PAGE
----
Across the U.S., in all but four states, there are no fewer than 250 airport towers operated by non-FAA controllers employed by three private FAA contractors. The towers provide ATC services to a wide range of users, including general aviation, passenger and cargo airlines and the military.
Avionics and ATC » ATC
News, issues, personnel, equipment and developments about air traffic management.
In a development particularly relevant to oceanic operations, an FAA-sponsored aviation rulemaking committee expects to issue guidance material providing for the use of satellite-based voice communications for long-range contact with ATC by year-end.
Business aviation traffic in Russia will show a slight increase this year as the sector continues to buck the trend seen in the country’s commercial traffic overall, which saw a significant fall in 2011. Official figures also show that the increase represents stagnation compared with more rapid initial growth in the sector. The prognosis for 2012 is that the number of business aviation flights in Russia will increase from 152,500 to 154,000 flights, with just more than half of these being made by foreign operators.
The FAA announced a collaborative public-private NextGen effort at Florida’s major airports late last week that will increase safety and efficiency while reducing aircraft emissions. Dubbed NextGen metroplex, the initiative will improve the flow of air traffic into and out of airports in the Miami, Orlando and Tampa metropolitan areas. Similar metroplex projects are under way or planned in numerous metropolitan areas across the U.S., the FAA added.
Cargo carrier FedEx Express will become the first U.S. airline to begin operational trials of data communications between pilots and air traffic controllers in continental airspace under the FAA’s Data Comm program, a key component of the Next Generation Air Transportation System. The carrier expects to start operations using data communications on November 12 at its Memphis International Airport hub.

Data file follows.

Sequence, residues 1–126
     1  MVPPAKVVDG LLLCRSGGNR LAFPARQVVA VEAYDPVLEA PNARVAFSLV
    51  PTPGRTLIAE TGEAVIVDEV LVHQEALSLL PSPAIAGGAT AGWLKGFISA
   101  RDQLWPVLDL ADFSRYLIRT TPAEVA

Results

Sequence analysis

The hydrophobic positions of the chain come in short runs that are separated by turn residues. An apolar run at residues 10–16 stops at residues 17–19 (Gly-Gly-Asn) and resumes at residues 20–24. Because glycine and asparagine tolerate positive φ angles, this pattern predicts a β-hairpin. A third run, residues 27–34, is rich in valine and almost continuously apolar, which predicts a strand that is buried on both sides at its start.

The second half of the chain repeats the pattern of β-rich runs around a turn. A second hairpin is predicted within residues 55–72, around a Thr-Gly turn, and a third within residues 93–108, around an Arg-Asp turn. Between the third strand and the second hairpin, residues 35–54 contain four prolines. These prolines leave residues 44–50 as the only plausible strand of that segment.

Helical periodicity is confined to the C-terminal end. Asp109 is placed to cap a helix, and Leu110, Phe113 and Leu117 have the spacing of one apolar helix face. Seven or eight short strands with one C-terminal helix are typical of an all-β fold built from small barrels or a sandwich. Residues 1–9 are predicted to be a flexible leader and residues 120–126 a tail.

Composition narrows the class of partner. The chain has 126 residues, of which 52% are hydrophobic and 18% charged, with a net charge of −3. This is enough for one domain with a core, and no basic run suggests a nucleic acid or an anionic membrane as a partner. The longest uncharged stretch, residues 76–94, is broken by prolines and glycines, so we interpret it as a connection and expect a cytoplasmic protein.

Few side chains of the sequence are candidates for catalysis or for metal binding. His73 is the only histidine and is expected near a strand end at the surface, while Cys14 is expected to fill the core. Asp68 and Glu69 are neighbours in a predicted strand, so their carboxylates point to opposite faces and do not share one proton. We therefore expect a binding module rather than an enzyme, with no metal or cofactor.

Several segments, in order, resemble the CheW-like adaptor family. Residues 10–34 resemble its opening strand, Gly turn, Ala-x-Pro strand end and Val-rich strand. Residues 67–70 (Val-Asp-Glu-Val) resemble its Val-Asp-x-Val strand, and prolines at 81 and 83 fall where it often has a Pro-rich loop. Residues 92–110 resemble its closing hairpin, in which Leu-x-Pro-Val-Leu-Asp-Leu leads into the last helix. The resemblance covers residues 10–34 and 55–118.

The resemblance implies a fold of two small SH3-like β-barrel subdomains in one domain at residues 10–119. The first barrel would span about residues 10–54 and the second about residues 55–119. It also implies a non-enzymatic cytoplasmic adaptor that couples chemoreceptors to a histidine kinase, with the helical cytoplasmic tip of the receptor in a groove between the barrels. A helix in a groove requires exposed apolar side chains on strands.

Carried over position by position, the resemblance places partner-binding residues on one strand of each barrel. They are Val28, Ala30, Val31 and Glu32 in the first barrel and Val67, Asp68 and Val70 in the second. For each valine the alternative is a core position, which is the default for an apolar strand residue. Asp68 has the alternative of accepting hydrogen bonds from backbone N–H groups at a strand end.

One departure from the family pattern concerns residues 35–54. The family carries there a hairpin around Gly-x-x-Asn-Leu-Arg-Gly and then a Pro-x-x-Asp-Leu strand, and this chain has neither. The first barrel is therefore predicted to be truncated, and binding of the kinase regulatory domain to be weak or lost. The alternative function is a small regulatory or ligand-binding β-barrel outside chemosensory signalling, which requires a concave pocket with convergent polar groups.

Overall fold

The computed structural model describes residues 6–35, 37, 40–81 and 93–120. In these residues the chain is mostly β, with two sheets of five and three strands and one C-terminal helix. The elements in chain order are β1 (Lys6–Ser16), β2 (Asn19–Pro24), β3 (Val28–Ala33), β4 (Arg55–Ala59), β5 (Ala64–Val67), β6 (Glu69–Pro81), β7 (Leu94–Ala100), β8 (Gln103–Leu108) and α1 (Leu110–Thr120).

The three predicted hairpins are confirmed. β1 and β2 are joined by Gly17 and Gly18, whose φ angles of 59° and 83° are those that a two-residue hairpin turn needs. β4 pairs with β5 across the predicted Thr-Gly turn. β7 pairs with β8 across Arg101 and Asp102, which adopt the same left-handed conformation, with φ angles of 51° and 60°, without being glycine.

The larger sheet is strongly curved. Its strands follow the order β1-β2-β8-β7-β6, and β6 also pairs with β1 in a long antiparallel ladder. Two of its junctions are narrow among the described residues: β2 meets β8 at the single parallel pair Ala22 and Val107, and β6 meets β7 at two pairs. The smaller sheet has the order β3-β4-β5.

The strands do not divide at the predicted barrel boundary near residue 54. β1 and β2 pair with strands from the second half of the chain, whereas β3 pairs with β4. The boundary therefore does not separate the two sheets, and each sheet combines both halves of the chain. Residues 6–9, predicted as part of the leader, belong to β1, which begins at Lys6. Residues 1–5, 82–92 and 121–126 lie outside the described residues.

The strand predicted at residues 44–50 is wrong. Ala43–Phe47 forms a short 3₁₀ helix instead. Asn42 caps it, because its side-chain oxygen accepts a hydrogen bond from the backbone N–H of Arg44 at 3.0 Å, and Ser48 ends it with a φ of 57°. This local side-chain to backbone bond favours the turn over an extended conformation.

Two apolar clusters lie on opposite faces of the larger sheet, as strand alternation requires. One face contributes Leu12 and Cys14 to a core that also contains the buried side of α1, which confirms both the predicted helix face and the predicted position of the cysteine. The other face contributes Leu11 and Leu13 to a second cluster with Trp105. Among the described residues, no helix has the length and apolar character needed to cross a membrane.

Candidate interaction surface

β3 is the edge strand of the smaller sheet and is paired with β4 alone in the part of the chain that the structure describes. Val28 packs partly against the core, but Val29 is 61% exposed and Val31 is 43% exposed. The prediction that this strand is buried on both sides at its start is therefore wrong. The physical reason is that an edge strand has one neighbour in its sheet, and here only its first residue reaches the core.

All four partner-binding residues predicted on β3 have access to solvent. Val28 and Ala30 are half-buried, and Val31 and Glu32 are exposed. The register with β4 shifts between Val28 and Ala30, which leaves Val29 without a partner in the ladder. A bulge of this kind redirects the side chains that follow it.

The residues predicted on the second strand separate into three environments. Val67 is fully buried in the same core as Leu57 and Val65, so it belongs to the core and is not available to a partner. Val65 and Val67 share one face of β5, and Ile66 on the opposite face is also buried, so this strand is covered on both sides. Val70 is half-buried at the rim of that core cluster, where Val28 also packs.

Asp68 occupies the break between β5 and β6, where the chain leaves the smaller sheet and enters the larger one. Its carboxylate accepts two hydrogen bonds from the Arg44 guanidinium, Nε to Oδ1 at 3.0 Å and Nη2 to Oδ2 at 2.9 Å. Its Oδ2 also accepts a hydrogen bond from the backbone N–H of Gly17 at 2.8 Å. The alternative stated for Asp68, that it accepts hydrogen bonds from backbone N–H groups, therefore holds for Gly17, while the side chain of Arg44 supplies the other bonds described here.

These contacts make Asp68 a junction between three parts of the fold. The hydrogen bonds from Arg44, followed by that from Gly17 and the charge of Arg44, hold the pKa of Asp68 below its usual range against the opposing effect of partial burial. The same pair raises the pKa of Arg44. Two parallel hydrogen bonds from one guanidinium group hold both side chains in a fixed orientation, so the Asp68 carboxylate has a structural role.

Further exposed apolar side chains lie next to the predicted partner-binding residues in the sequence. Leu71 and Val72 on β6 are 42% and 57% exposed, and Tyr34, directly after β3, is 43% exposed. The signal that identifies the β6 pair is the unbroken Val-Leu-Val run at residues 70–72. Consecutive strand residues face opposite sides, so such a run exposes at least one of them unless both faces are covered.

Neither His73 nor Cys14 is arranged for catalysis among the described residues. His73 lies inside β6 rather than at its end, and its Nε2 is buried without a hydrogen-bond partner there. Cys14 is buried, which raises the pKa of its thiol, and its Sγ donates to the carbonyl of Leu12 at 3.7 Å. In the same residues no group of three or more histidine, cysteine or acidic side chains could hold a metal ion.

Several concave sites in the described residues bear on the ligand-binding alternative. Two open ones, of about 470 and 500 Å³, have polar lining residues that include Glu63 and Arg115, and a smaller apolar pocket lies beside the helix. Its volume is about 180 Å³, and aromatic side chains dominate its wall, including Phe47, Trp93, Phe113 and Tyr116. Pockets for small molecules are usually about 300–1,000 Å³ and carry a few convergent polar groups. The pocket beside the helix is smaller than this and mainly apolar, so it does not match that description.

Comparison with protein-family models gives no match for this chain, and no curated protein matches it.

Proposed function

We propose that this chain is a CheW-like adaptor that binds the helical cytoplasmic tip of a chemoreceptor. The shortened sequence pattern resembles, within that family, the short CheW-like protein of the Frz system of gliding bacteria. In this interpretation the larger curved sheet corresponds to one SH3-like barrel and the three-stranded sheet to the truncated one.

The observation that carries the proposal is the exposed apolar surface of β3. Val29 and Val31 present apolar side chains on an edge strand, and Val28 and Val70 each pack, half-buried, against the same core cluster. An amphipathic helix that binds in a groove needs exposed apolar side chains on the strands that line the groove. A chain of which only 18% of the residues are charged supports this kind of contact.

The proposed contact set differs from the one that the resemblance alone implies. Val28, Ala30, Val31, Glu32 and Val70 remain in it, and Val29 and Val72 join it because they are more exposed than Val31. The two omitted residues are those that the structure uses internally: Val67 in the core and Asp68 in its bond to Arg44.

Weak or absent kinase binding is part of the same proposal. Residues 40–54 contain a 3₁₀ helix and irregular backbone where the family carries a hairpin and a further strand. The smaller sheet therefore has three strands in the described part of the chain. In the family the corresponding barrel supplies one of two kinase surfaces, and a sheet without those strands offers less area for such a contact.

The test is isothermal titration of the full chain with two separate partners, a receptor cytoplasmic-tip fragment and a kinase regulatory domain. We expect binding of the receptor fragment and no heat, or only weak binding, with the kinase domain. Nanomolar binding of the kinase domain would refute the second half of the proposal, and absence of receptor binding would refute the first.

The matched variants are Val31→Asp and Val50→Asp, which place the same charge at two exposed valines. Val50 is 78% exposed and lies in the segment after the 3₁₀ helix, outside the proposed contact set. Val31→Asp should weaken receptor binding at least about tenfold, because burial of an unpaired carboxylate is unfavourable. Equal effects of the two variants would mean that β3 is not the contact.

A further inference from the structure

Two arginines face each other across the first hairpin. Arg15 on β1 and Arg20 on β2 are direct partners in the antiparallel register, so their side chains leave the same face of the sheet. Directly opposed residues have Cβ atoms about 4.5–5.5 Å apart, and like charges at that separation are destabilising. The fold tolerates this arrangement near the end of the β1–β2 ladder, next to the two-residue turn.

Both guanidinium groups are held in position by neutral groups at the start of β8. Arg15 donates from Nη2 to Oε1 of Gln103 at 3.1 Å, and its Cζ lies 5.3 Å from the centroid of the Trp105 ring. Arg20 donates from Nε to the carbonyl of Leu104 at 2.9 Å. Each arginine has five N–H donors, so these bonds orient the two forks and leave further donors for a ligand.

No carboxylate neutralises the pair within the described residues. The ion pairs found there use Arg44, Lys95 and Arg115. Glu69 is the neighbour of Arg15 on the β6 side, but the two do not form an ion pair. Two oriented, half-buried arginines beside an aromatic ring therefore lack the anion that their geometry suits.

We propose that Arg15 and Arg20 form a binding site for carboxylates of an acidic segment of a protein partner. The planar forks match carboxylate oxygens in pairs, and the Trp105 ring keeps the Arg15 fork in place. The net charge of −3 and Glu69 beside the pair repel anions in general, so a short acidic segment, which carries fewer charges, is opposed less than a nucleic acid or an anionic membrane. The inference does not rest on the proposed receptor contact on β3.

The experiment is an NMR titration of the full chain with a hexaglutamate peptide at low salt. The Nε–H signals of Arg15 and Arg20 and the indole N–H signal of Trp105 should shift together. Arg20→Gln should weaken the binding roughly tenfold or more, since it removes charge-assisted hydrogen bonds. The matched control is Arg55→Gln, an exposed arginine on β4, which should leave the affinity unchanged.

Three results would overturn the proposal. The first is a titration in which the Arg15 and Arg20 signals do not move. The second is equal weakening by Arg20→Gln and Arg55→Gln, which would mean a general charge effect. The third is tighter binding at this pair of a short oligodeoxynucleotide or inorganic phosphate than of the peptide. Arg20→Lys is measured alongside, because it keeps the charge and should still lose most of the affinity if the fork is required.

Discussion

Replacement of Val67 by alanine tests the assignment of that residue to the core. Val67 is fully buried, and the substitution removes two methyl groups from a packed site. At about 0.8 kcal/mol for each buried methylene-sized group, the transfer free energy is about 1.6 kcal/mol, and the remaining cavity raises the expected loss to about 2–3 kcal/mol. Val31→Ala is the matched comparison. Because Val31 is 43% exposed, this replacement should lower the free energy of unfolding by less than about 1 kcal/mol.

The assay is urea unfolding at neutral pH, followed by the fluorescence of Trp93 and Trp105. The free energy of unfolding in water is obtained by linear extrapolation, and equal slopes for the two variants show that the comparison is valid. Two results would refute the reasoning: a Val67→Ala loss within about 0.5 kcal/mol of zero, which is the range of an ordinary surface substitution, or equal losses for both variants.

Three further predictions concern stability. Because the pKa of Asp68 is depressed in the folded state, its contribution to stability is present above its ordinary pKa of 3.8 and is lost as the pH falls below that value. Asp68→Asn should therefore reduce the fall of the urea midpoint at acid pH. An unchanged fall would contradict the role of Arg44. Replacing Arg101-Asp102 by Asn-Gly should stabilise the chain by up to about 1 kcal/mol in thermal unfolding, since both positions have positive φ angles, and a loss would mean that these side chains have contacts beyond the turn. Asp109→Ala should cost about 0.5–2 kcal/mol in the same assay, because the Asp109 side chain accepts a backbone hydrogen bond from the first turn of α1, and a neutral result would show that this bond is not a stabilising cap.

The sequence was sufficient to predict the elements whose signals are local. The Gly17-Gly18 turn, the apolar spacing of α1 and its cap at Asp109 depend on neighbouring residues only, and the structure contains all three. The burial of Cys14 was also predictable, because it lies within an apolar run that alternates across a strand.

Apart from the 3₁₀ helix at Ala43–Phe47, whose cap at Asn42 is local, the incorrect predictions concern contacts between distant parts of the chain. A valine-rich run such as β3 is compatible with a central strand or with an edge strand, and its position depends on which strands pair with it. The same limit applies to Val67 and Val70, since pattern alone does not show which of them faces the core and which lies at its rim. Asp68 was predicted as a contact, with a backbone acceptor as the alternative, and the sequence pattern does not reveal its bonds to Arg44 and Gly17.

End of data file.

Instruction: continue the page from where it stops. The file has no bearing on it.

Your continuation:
Last week Airbus issued the latest installment of its future vision for aviation in 2050 and beyond, describing new ways of operating across all phases of flight. The company’s “Smarter Skies” vision centers on a “sustainable” aviation system that saves time, conserves fuel and reduces emissions. For the first time, the vision looks beyond smarter aircraft design to the efficiencies potentially derived from airspace optimization, or making the best use of the environment in which an aircraft operates, Airbus said.
The FAA has published a draft study of the effects of cellphone use for voice communications in aircraft used for scheduled transportation and is seeking public comments (due by November 5). While the agency currently doesn’t approve installation of mobile phone base stations on airliners, other countries’ “civil aviation authorities reported no confirmed occurrences of cellphones affecting flight safety on aircraft with onboard cellular telephone base stations,” according to the study.
The FAA is seeking comments (due October 30) on passenger use of portable electronic devices (PEDs) in general aviation and airline operations. Operators are allowed to determine that PEDs don’t interfere with navigation and communication systems but, the FAA wrote, “this notice requests comments about key areas of policy and guidance that are used by aircraft operators when making these determinations.
While the Iranian capture of the Sentinel caught public attention, it also allowed researchers to show that spoofing technology has been, and continues to be, closely investigated by a number of military and civilian facilities in the United States.
Last December an old, rarely used word–spoofing, –meaning to hoax or to fool others–entered worldwide aviation vocabularies virtually overnight. Simultaneously it brought a new and disturbing strategic escalation to military tactics and a potential, albeit probably lesser, threat to civil aircraft operations.